Thanks for the fast response.
Hi I have a proof i'm doing
\int \frac{1}{1+\sin(x)}dx
I know that the answer i'm looking for is
\frac{\sin(x) - 1}{\cos(x)}
and then
\tan(x) - \sec(x)
I have tried integration by parts making
u = (1+\sin(x))^{-1} and dv = dx
Eventually I get an answer that...
I am interested in doing server administration, all the signs point to a CIS degree combined with official certifications. That's where the management/technology/computers comes from. Also, i'm awesome at math, but not that great at physics. CIS doesn't require physics but it does require a good...
Hi, I recently switched from a Computer Science undergrad major at Florida Tech to Computer Information Systems. Basically because I like working with hardware, the internet, servers and networks a lot more than programming.
CIS offers half Comp Sci courses (programming in C++ and Java but...
Right, I had the derivative wrong, I still came out with -10, 0 and 10 but the +/-10 were asymptotes according to table and x=0 came out as 40 max area.
That makes absolutely no sense.
That's about where i'd got to, I just overcomplicated things.
the derivative I get is
4(100-x^2)^{\frac{1}{2}} - 4x^2(100-x^2)^{-\frac{1}{2}}
EDIT: Wait a sec... I had the derivative slightly wrong...
I can't seem to figure out this problem.
Find the dimensions of the rectangle with maximum area that can be inscribed in a circle of radius 10.
I start by drawing the diagram and it seems to me like the circle radius corresponds with a line from the center of the rectangle to one of the...
I have a test tomorrow and this is a subject we only briefly touched on. I can find points of discontinuity graphically very easily, but I have no idea how to find them algebraically using just the equation.
I know that when the denominator = 0 and in most piecewise functions there is...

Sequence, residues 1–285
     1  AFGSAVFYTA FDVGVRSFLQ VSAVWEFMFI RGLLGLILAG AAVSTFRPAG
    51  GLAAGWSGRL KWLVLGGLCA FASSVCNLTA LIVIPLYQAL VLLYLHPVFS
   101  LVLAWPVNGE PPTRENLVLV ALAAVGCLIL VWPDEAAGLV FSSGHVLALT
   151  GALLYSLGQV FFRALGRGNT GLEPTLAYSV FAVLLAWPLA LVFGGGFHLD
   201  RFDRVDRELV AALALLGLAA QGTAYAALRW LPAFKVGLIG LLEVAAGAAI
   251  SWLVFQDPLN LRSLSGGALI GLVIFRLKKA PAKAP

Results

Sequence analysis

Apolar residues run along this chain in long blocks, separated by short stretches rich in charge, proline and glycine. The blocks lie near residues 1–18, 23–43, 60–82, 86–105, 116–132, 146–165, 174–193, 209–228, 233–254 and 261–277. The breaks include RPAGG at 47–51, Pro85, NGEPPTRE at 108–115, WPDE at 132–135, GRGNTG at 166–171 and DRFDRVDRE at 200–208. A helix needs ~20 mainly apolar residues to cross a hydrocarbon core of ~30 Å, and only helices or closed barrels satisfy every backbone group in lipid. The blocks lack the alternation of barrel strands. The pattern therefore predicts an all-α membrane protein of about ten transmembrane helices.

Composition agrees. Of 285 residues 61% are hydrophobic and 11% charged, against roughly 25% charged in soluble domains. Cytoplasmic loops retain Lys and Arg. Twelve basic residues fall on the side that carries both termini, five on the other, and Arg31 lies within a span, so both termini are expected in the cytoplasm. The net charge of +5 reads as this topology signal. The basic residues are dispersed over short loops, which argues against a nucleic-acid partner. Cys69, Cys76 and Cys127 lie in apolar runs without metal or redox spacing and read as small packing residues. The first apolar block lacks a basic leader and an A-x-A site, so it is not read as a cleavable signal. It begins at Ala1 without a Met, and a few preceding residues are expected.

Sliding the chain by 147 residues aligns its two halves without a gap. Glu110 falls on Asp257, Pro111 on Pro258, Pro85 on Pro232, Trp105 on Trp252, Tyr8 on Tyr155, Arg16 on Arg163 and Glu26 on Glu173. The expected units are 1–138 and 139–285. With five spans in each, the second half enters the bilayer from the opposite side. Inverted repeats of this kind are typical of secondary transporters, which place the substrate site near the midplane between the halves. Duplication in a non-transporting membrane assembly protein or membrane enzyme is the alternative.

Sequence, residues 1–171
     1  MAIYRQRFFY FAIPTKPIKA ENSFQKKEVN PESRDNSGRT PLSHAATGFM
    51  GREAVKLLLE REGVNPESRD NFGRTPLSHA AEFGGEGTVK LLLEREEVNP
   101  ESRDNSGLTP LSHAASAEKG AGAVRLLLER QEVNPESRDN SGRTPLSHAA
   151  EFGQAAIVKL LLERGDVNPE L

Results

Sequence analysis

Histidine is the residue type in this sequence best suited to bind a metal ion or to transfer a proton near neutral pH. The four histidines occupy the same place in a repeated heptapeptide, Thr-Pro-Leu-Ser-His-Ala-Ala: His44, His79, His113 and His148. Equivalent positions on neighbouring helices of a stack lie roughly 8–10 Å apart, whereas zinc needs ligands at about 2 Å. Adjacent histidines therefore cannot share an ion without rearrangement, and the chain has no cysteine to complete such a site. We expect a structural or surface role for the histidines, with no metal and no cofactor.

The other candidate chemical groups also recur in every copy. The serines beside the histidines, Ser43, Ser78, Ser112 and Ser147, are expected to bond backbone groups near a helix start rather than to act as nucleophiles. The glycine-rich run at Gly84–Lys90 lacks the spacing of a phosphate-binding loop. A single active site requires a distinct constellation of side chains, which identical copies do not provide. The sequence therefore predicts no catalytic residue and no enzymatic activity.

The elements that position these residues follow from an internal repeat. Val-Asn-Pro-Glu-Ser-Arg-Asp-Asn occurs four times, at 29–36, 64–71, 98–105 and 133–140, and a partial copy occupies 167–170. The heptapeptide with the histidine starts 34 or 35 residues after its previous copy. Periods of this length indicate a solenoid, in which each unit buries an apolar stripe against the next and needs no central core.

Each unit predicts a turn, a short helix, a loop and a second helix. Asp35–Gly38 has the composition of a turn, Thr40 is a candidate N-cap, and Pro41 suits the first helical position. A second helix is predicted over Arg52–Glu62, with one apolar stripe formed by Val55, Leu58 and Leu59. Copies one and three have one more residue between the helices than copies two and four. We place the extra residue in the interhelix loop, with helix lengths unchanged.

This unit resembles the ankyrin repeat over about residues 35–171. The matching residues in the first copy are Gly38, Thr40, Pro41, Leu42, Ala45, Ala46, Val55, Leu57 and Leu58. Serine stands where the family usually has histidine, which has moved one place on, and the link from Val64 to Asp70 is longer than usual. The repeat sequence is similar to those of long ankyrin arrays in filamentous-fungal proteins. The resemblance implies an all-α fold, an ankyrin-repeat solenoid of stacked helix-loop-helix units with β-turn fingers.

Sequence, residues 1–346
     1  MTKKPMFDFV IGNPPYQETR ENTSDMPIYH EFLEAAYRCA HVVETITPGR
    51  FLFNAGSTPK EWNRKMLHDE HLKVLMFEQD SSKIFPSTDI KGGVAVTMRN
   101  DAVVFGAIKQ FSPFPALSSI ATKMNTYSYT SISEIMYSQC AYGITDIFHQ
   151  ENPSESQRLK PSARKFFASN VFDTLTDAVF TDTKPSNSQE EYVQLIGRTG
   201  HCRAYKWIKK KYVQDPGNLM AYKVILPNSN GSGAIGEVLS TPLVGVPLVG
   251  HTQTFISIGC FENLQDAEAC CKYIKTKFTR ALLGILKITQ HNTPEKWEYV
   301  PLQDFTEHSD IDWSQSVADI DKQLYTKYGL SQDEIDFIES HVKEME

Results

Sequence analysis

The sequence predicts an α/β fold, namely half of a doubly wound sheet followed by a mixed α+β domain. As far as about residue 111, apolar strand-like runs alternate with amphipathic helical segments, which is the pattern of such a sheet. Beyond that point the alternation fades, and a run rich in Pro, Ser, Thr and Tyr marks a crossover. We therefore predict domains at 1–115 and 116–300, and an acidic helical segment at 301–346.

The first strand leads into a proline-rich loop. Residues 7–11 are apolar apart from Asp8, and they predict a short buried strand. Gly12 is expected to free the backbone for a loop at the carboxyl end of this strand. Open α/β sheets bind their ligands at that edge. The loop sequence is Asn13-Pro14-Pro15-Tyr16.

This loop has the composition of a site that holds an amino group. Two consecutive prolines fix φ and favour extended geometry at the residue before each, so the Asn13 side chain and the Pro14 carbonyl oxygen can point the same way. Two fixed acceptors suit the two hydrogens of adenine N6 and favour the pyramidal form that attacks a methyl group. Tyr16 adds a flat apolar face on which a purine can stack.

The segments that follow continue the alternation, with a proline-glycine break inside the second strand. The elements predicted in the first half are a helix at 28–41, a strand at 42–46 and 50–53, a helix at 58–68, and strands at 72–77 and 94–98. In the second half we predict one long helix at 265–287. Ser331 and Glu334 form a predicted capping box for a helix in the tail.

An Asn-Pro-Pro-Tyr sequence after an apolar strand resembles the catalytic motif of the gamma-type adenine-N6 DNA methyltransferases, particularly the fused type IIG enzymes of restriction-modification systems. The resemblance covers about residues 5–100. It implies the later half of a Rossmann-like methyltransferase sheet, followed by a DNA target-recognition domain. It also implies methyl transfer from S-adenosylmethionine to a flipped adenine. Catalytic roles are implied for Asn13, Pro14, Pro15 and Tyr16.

Doing fine until I reached a trig function where I know i've done the work correctly but the answer does not match up exactly with the one in the back of the book.
\sin(x^2y^2)=x
I do the work using product and chain rule
\cos(x^2y^2)(2xy^2+2x^2yy')=1
2xy^2+2x^2yy' = \frac {1}...
I don't know why I thought this, but I thought as long as you had a term that could be counted as a function inside the original function, you should take it's derivative and multiply in series as per chain rule.
I think I see what you mean though, you only take derivative of what has not...
Yes, and then you must take the derivative of 8x and multiply that on because of the chain rule, right?
I thought that as long as you can take a rational derivative with the chain rule, you should.
But that I don't get, as per the chain rule you must first get 8 from g', then 8x from what was in the brackets, then another 8 from 8x. Multiply them together and you get 512x, why is it still 64x?
You must take the derivative of 8x as per the chain rule and then multiply it into that term.
Am I right?
In that case I would have a 512 in front of that x, bleh